UIAA supports stricter rules on Everest
Backing for the Nepalese authorities: The International Climbing and Mountaineering Federation (UIAA) “fully supports the decision to propose more stringent measures for climbers wishing to scale the world’s highest peak, Mount Everest (29,029ft / 8,848m)”, as it said. These measures will include individuals having to prove they have already scaled a peak higher than 6,500 meters, thus eliminating the possibility of novice climbers scaling the mountain. “Everest should become a mountaineers’ mountain again”, said UIAA president Frits Vrijlandt.
“Restore a sense of dignity and glory to Everest”
“We support the requirement restrictions on age (denying access to those under 18, and over 75) and the minimum requirements regarding physical and mental ability to assure you are able to climb by yourself or with a partner. If you have to be hauled up the mountain you don’t really belong on Everest.” Vrijlandt said that the Nepalese authorities “have Everest’s best interests at heart”. The UIAA president was in 2000 the first climber from the Netherlands who scaled Everest from the Tibetan North Side and in 2003 the second from his country who completed the Seven Summits.
The UIAA said that they and the Nepal Mountaineering Association (NMA) “believe implementing these measures will drastically improve safety on an increasingly overcrowded mountain, lessen pressure on guides who are often reduced to risking their lives assisting ill-prepared climbers and restore a sense of dignity and glory to Everest.”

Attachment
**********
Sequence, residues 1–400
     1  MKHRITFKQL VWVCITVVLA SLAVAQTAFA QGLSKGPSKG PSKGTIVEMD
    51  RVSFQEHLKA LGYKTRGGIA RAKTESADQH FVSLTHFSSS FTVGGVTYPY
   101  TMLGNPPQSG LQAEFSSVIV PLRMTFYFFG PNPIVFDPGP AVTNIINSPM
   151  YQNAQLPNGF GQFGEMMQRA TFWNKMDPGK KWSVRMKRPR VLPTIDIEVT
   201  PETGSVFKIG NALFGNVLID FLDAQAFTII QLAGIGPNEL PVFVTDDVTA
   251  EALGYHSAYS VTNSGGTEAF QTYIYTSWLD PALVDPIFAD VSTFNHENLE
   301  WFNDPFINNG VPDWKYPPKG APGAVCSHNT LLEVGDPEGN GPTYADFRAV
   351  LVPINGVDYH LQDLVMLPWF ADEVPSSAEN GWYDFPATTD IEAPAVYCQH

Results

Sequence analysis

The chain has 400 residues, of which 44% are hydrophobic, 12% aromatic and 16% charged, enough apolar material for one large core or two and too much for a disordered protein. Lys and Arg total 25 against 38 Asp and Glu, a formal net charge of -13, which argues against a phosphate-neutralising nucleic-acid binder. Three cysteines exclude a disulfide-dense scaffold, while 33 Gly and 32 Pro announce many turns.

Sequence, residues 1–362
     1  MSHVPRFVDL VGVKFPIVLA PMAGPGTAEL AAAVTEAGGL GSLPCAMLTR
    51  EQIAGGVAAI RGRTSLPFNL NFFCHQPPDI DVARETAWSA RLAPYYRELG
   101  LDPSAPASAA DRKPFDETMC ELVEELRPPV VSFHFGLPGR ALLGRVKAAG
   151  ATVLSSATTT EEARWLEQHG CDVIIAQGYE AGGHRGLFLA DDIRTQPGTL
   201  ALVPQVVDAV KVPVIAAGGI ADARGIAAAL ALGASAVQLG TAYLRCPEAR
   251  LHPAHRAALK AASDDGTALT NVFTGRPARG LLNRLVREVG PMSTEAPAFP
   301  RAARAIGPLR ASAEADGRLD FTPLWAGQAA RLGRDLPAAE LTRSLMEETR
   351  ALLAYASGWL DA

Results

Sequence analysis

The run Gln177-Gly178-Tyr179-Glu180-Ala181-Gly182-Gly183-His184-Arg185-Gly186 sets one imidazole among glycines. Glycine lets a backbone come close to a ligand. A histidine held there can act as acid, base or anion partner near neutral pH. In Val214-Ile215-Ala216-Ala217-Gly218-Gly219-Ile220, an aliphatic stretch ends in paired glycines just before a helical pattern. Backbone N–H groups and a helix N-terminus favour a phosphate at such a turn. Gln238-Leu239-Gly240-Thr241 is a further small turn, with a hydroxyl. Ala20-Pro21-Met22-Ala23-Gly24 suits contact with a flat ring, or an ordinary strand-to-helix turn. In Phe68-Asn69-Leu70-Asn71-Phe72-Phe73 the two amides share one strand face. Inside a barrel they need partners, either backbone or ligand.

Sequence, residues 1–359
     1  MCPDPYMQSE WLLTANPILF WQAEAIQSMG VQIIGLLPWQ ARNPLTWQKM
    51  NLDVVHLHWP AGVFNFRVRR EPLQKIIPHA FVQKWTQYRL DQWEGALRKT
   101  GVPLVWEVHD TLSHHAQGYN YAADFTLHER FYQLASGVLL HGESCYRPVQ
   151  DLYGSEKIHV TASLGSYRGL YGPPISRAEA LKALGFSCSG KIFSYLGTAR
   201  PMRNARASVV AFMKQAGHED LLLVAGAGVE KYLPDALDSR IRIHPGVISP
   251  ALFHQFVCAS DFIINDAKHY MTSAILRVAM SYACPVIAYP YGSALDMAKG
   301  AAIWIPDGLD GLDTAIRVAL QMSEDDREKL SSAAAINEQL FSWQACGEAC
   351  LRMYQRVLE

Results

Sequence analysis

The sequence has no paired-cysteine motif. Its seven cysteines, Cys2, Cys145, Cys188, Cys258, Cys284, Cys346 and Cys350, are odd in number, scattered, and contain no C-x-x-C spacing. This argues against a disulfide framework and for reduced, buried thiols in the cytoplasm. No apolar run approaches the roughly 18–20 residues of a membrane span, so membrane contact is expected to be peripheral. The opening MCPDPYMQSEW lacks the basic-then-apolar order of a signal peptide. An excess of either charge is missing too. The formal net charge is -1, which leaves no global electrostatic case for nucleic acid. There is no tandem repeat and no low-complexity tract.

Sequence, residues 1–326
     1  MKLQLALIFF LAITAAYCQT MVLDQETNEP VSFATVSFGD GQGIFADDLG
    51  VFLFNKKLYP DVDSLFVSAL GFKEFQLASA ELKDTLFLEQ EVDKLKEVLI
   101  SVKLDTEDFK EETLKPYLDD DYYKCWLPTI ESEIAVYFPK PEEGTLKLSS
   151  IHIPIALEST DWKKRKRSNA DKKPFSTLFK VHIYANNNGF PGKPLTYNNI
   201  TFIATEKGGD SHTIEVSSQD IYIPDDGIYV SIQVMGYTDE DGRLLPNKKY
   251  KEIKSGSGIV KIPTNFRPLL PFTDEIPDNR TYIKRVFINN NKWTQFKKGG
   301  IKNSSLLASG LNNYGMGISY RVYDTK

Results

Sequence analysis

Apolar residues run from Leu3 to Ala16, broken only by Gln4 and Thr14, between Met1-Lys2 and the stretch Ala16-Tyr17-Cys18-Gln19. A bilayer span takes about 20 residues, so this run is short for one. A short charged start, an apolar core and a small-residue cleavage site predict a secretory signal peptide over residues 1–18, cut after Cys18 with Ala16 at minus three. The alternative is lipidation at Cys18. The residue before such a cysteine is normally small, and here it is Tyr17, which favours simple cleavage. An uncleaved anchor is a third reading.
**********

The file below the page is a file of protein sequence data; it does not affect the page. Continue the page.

Plea for self-responsible climbing
The new Everest rules have still to be implemented into the Mountaineering Expedition Regulation, which is part of the Nepalese Tourism Act. But I think, the country’s new government is currently facing more pressing problems that have to be solved than dealing with Everest climbing, for instance the still continuing blockade of Nepal’s border to India. Even in case the new measures on Everest come into force before the beginning of the next spring season, the question remains how to ensure compliance with the regulations. The Tourism Ministry will hardly establish training grounds where the Everest aspirants have to prove their climbing skills before granting them permits. Thus the expedition operators will have to ensure that their clients comply with the conditions to climb Everest. The operators would be well-advised to transfer the responsibility to the clients themselves, because in the end every climber who wants to scale Everest should be self-responsible for his decisions on the mountain. That would be a major step forward.
Date15. November 2015 | 16:17